The Crystal River is both wild and scenic, but whether or not a federal Wild and Scenic protective designation is in its future is still in the hands of the community.
The Crystal River Wild and Scenic and Other Alternatives Feasibility Collaborative is hosting a community summit from 5-8:30 p.m. Thursday, Oct. 26 at the Roaring Fork High School Auditorium in Carbondale to discuss the multiple protection options available to the Crystal River.
The Crystal River, which runs through the Colorado Highway 133 corridor in Gunnison, Pitkin, and Garfield counties, is one of the last free-flowing rivers in the state. Community members have long advocated for its protection from perceived threats like dams and transbasin diversions.
One of the most recent threats to the Crystal River came up in 2011, when the Osgood and Placita Reservoirs proposals sparked public outcry.
A Wild and Scenic designation is a federal label that, among other things, protects a free-flowing river from future dams or diversions. Pre-existing water rights are not affected by the designation, and proponents note that the designation is largely customizable to local priorities.
In the 1980s, the White River National Forest determined 39 miles of the Crystal River were eligible for federal protection under the Wild and Scenic Rivers Act. They reaffirmed that finding in 2002. Efforts to win that designation have waxed and waned over the years, and this go-around is starting at the beginning to determine what protections are best suited for the river and the surrounding communities.
Congress would have to approve a bill granting Wild and Scenic status to the Crystal River at the recommendation of the U.S. Forest, or approved by the Secretary of the Interior.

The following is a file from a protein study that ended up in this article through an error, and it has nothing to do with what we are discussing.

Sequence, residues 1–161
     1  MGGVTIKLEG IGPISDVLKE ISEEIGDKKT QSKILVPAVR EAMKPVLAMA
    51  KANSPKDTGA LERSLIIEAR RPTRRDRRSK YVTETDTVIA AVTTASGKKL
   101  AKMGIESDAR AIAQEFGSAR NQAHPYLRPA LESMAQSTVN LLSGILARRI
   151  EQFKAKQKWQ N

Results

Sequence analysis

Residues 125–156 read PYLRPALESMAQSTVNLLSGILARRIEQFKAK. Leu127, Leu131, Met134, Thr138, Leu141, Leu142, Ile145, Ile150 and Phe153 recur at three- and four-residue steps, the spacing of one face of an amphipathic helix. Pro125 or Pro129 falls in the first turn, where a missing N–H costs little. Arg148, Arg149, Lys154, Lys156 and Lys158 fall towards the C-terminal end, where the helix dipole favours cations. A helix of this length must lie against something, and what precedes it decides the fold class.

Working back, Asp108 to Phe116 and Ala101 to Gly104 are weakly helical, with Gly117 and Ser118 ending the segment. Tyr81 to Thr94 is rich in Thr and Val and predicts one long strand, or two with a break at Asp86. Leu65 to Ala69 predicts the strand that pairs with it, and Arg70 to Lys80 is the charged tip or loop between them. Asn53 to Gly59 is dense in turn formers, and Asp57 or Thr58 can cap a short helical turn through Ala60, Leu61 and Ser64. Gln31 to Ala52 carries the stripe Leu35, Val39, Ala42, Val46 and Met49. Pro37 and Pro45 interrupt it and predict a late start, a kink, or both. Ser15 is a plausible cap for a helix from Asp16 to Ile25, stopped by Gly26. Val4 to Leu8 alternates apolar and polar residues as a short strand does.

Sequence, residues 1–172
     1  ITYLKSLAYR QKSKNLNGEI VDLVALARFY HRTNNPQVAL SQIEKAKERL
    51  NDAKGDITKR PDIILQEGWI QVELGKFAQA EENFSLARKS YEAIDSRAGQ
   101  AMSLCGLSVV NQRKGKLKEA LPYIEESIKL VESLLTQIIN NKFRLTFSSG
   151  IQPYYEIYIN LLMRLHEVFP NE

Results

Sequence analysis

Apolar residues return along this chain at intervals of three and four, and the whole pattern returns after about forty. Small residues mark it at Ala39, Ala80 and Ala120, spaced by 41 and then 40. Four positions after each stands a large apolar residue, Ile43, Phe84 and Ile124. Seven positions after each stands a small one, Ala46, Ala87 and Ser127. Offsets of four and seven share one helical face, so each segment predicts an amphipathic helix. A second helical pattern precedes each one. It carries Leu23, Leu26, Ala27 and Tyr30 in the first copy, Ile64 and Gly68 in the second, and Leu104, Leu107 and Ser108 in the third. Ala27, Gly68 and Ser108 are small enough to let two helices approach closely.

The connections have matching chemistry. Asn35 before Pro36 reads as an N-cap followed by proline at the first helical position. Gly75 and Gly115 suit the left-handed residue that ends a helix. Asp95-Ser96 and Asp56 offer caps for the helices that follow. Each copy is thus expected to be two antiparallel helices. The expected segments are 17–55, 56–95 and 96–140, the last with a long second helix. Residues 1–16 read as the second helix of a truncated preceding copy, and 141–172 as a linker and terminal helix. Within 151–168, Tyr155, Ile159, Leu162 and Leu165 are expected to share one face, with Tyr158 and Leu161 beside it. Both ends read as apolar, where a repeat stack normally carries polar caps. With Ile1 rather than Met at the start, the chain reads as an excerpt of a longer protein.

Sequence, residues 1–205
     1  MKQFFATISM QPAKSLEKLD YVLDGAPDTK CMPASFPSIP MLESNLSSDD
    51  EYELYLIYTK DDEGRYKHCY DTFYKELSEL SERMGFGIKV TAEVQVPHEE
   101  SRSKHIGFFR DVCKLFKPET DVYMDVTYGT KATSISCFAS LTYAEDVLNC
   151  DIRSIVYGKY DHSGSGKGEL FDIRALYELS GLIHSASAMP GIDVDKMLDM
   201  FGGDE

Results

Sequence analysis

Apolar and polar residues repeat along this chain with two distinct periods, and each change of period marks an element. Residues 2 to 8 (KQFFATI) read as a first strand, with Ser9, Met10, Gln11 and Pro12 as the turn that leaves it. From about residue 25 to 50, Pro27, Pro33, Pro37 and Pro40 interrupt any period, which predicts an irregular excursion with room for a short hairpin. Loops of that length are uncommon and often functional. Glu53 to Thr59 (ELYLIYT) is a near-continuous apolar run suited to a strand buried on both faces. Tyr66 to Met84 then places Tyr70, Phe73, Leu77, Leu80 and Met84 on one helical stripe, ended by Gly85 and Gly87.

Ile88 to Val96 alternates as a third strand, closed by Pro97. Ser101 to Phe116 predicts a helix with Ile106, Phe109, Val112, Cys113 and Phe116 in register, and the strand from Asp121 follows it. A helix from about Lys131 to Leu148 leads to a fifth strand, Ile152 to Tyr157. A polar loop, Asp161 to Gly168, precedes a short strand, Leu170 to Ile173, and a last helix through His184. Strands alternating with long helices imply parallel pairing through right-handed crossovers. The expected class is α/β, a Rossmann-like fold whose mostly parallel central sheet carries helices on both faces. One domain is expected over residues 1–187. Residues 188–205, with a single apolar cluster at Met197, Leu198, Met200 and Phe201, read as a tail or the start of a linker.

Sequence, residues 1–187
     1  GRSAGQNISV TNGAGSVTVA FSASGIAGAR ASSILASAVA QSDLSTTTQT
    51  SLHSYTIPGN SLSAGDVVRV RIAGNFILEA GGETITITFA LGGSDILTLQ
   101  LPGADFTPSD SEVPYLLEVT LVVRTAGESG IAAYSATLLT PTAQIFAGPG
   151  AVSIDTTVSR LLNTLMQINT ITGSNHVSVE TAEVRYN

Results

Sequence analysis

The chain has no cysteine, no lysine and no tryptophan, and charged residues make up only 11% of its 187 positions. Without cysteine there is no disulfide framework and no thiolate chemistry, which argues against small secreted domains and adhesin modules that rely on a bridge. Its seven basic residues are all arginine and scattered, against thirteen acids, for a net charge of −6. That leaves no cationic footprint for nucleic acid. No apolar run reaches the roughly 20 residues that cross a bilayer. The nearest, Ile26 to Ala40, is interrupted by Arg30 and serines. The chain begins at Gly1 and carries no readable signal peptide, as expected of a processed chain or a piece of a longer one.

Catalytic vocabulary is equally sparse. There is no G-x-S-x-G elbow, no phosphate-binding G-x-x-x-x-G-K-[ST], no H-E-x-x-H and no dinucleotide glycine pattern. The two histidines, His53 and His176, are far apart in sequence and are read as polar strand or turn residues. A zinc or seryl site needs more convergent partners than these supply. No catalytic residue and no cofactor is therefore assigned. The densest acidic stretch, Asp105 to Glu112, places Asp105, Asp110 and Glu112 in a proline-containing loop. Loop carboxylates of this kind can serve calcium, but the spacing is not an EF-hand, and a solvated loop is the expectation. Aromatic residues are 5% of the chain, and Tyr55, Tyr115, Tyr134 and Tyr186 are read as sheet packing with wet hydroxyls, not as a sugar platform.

At the first community summit in April, attendees shared their goals for the Crystal, like protecting ecological health, ensuring uninterrupted water flow, prevention from overuse, and guarding existing water rights.
That summit also served as a recruitment tool for the steering committee — co-chaired by Pitkin County Commissioner Kelly McNicholas Kury, Gunnison County Commissioner Liz Smith , and Town of Marble Administrator Ron Leach — a group of 30-plus community members and experts who discussed the protection options for the Crystal.
The committee has met monthly since June. Bill Argeros, a vice chair of the Crystal River Caucus and member of the steering committee, encouraged people to come out to Thursday’s community summit.
“This is (the community’s) opportunity to come and speak up and be heard. That’s the point I wanted to drive home, speak now or forever hold your peace,” he said. “Come with ideas and listen to the facts and share information.”
Argeros is an ardent supporter of the Wild and Scenic designation, but said the collaborative is committed to considering every option for the Crystal.
The summit’s agenda is dedicated to exploring the various options outlined by the steering committee, including a federal Wild and Scenic designation.
Possible protection strategies include:
– Wild and Scenic Designation
– National Conservation Area/Special Management Area
– Local management and intergovernmental agreements
– Instream flows and recreational in-channel diversions
– Other localized protection and restoration options
– No Action Alternative with 1041 Regulations
– CDPHE Water Quality Protections for Outstanding Waters
The meeting will include presentations on the various protection options with representatives from Wilderness Workshop, Northwest Colorado Council of Governments, the Colorado Water Conservation Board, the Interagency Wild and Scenic Rivers Coordinating Council, and hydrology experts.
The meeting will include a free dinner.